Joey, Joe, or Joseph?

JMJ

THERE IS A TRADITION that St Joseph was older that the Blessed Virgin when they were betrothed. One saint suggests that Jesus’ Foster Father was 91 when he married the Blessed Virgin! Other, more realistic teachers, suggest mid-fifties. The reason for this tradition is generally understood to be the idea that an older Joseph would have been more likely to not be tempted by his beautiful young wife. An older man is seen as better protecting the teaching of Mary’s perpetual virginity. This is a bit of hogwash as anyone who has ever seen a “Trophy Wife” knows. Lechery is not undone by age and, in fact, it is often a product of it. Then there is the logic of the issue. “Old men don’t walk to Egypt!” As Mother Angelica once said. So, at several points in the Church’s history, the idea that Joseph was young arose.

Fulton Sheen has a wonderful meditation on St Joseph’s age in his book, The World’s First Love:

To make Joseph appear pure only because his flesh had aged is like glorifying a mountain stream that has dried. The Church will not a ordain a man to the priesthood who has not his vital powers. She wants men who have something to tame, rather than those who are tame because they have no energy to be wild. It should be no different with God… Joseph was probably a young man, strong, virile, atheletic, handsome, chaste, and disciplined; the kind of man one sees sometimes shepherding sheep, or piloting a plane, or working at a carpenter’s bench. Instead of being a man incapable of love, he must have been on fire with love….Instead, then, of being dried fruit to be served on the table of the king, he was rather a blossom filled with promise and power. He was not in the evening of life, but in its morning, bubbling over with energy, strength, and controlled passion.

That passage was quoted in a book I’m currently reading as I do a devotion call Consecration to St Joseph. And it had me wrestling for a few reasons. Why does Joseph need to be Mary’s age? Why does he need to be 90? Then – in the same book – the author discusses at length how an elderly man cannot raise a child, and how God would have wanted a proper father for the Infant Jesus. This makes sense to me: when I was 39 someone suggested to me that I should adopt a child and I knew that that would be selfish as I would not be able to be a proper parent. By the time the baby was old enough to walk and play I would be too old to play, and by the time the baby was old enough to graduate I would be too old to walk. So the idea that God would have wanted Jesus to have a father open appropriate age make sense. But what is an appropriate age? It used to be common to see Joseph portrayed with grey hair. Right now it’s common to see him portrayed as about Mary’s age.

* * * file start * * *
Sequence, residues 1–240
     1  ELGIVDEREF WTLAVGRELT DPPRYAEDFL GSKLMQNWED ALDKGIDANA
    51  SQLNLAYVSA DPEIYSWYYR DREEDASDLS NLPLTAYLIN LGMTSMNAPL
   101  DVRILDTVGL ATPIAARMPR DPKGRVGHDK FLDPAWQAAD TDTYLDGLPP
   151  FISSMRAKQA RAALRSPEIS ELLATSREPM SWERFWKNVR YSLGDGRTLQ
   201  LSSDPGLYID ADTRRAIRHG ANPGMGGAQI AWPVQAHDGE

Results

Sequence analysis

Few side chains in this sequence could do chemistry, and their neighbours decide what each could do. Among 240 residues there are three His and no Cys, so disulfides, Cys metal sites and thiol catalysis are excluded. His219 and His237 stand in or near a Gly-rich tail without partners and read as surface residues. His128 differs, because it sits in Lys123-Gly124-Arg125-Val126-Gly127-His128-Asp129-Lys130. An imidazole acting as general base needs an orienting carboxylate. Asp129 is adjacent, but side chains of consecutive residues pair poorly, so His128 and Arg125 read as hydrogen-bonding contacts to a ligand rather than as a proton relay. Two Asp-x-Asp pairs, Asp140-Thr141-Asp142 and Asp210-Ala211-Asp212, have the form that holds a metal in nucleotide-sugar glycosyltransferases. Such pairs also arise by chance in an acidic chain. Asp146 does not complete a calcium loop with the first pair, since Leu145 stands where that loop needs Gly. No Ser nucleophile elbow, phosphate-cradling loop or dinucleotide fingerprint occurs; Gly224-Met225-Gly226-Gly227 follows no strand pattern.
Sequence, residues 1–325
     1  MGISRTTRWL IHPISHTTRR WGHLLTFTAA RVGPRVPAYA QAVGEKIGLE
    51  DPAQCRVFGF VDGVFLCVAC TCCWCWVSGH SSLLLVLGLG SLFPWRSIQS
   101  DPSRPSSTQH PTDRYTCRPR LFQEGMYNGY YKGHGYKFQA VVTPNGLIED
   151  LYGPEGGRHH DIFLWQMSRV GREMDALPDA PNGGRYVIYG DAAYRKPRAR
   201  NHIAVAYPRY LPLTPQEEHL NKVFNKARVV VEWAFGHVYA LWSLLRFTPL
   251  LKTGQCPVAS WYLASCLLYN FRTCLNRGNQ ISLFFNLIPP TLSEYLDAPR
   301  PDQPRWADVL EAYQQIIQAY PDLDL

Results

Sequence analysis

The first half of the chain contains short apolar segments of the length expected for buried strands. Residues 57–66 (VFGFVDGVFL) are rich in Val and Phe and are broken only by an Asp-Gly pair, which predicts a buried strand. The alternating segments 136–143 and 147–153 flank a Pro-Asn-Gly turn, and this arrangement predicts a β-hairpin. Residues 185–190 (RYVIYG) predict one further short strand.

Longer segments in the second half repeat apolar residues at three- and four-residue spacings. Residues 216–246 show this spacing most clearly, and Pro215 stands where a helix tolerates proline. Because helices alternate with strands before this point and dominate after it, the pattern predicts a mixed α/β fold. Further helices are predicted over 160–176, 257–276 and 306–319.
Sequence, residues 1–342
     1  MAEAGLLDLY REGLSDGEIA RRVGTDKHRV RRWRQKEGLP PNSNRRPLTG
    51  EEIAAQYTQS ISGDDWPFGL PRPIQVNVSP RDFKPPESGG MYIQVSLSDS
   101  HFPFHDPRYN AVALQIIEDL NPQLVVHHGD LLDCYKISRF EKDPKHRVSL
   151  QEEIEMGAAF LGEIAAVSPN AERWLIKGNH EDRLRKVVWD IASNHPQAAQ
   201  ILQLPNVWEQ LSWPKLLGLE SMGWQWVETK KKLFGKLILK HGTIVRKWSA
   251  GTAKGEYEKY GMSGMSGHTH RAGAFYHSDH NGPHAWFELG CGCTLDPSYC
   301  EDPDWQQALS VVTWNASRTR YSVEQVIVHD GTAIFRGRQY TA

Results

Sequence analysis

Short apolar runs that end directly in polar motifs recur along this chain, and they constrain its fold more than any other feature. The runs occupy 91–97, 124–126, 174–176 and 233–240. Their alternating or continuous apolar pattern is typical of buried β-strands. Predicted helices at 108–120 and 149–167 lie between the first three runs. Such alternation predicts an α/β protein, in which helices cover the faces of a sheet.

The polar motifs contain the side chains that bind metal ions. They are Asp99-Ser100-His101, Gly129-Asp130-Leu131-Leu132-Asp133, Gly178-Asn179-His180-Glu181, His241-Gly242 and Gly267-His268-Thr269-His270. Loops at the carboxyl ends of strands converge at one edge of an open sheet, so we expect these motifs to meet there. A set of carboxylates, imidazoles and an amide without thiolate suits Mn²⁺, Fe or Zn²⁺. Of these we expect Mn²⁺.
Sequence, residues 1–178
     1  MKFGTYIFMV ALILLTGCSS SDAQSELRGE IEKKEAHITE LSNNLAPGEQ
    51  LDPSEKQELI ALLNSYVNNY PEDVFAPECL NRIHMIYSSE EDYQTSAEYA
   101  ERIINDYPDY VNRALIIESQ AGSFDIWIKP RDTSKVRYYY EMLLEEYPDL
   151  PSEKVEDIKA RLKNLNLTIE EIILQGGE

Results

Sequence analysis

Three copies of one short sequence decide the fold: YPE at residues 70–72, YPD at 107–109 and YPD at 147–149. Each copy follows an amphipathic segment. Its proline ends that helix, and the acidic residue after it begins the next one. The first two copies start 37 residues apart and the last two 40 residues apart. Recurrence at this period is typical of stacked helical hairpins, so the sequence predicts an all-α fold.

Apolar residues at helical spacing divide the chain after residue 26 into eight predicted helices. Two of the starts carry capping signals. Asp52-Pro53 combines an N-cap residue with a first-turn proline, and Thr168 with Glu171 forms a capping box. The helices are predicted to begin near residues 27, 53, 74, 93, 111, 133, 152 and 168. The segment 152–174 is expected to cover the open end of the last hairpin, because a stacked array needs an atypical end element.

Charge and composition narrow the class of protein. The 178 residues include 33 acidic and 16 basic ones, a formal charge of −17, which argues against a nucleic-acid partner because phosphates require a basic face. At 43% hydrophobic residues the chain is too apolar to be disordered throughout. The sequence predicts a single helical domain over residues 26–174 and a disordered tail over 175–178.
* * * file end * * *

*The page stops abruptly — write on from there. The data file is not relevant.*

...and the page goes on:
Some writers have suggested that the Blessed Virgin was around 15 when she was betrothed to Joseph. The idea of a fifteen-year-old Joey being able to navigate the emotional and political turmoil of the nativity seems unlikely to me. I cannot imagine a fifteen-year-old Joey and a fifteen-year-old Mary in a Manger in Bethlehem knowing what to do when labor started I can imagine them going into full-scale panic. I can’t imagine these two 15 year olds being much comfort for each other – even though that’s a good time to get married in this culture. AND a 15 year old Joey would not be on his own yet, the head of the family would still be Joseph’s father. The patriarch of this clan would have led them all to Bethlehem.

This idea that God would have wanted the father of appropriate age is counteracted but other benefits offered by an elderly Joseph: wisdom, experience, strength. At a time when marriages were often contracted in the teenage years an older man would know how to move through the world on his own, he would be running his business and would not be afraid of tax collectors, would not be very stressed out by discovering that there was no room at the inn, and would not be afraid of having to walk to Egypt. This man, Joe, would be much better able to think on his feet with all these strange people and happenings that were about to come into his life. He would not be impulsive: he would plan. Discovering that Mary was pregnant Joe might actually think about it for a while, where the teenaged Joey might just get angry. Joey would not yet have his own house to bring Mary into, but Joe would.

Generally it’s not good to just throw out traditions of the church because we don’t like them or because they don’t feel good: this goes with (T)radition and also with (t)radition. So while I do see the argument for Joseph not being 91 – or even 51 – as completely valid, it seems silly to just toss it out of something the church made up. In fact it seems downright modernist to do so.

There may be an answer in another tradition that hangs on the Nativity. St James, called Jesus’ brother, is often understood to be the Child of St Joseph by an earlier marriage. Traditional icons show James leading the donkey: